Last week, despite what Democratic members of the Federal Election Committee called “compelling” evidence that an investigation should be pursued, the FEC closed its file on allegations that Robert Murray, America’s last and flushest coal baron, had coerced his employees into giving to his super PAC.
Back in March, Robert Murray, one of America’s last remaining coal barons and “the sine qua non of climate denying,” hosted a fundraiser for Texas senator Ted Cruz at Wheeling, West Virginia’s White Palace. “I have not picked a candidate, but I do know that Ted Cruz needs some money,” he said at the time. As it turns out, Murray has quite a bit of money to give: FEC filings show that Murray’s super PAC, the Murray Energy Corporation Political Action Committee, has been stockpiling funds since the beginning of last year—it ended the first quarter of 2016 with $333,361 cash on hand.
On Wednesday, Donald Blankenship, former CEO of Massey Energy Company, was sentenced to one year in prison for conspiring to violate federal mine safety standards, a misdemeanor charge he was convicted of in December. Blankenship will also be fined $250,000 and be subject to a year of supervision upon his release from prison.
At Coal Cares — a new initiative from Peabody Energy, the world's largest coal company — you can order cool inhalers for your asthmatic kids, so long as you live within 200 miles of a coal plant. I'm partial to The Bieber, but there's an inhaler here for every taste — even one studded in fake Swarovski crystals! If it all sounds too good (or too awful) to be true, that's because it is. The entire coalcares.org website is a fake, created by The Yes Men — those Swiftian agitators with a talent for mounting elaborate practical jokes. Peabody, however, is very real, and an army of their lobbyists are currently attempting to block what would be the EPA's "first-ever national standards for mercury, arsenic and other toxic air pollution from power plants" — legislation that could prevent 120,000 new cases of childhood asthma per year. As the Bieb might say, that's kinda lame. [coalcares.org, image via Coal Cares]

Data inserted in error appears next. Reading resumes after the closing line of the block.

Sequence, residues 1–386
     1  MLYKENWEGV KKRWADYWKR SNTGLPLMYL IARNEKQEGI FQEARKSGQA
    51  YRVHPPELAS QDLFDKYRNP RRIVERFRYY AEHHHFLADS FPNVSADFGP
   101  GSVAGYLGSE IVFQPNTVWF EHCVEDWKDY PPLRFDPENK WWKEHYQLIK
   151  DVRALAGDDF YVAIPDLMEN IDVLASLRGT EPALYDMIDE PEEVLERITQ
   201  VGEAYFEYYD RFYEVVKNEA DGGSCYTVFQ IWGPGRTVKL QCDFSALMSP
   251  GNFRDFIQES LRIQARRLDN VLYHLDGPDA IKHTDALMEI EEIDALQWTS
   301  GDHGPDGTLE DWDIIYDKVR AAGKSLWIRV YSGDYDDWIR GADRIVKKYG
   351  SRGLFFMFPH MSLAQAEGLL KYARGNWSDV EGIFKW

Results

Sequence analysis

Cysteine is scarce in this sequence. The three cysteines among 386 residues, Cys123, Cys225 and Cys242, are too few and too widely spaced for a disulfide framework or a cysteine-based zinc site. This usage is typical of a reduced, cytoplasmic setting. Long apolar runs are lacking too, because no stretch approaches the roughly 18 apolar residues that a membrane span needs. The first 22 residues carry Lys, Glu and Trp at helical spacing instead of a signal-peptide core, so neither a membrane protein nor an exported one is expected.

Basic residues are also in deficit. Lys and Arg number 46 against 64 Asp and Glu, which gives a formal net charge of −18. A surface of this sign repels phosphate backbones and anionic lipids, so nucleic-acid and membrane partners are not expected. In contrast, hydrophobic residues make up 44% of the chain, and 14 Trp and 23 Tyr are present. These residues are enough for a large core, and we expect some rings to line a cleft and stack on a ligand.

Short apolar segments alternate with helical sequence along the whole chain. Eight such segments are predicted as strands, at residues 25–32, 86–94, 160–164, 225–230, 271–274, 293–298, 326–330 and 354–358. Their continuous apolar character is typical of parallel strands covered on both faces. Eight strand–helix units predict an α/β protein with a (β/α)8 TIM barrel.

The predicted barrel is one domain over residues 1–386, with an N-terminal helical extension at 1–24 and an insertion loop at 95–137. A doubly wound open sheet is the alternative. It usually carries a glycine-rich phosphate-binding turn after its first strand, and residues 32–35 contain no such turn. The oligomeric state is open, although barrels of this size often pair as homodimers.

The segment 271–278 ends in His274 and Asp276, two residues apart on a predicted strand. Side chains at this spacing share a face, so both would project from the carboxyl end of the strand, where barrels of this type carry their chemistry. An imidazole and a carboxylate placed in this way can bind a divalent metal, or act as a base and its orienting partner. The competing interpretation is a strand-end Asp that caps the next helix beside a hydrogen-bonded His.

Cobalt Coal Corp., a West Virginia mining company, has its own super-cool reality TV show on Spike TV about how dangerous its mines are, just like those Deadliest Catch guys. Unfortunately, the Federal Mine Safety and Health Administration was watching, and fined Cobalt for safety violations that it saw happening, on TV. Now if only they could do a reality show about Goldman Sachs. [AP, photo via Spike]
Dr. Seuss Enterprises is suing a new coal company that calls itself LoraxAG—the objection being that Dr. Seuss wrote the story "The Lorax" to encourage environmentalism, whereas LoraxAG is a fucking coal company. But the president of LoraxAG has a compelling argument of his own: "'The Lorax is the protector of the truffula trees,' he told [a trade publication]. 'We think this is the greenest use of coal.'"
CONSOL Energy is obviously having a hard time finding enough good people to join the ranks of the professional coal mining community. The company has produced an awesome virtual reality tour of a coal mine on its website, to help convince you what a great career coal mining can be. Apparently modern coal mines are made up of four rooms: "Challenging," "Rewarding," "Opportunity," and "Stability." Which one do you want to go to? I don't know, whichever one has the most coal! [via Adrants]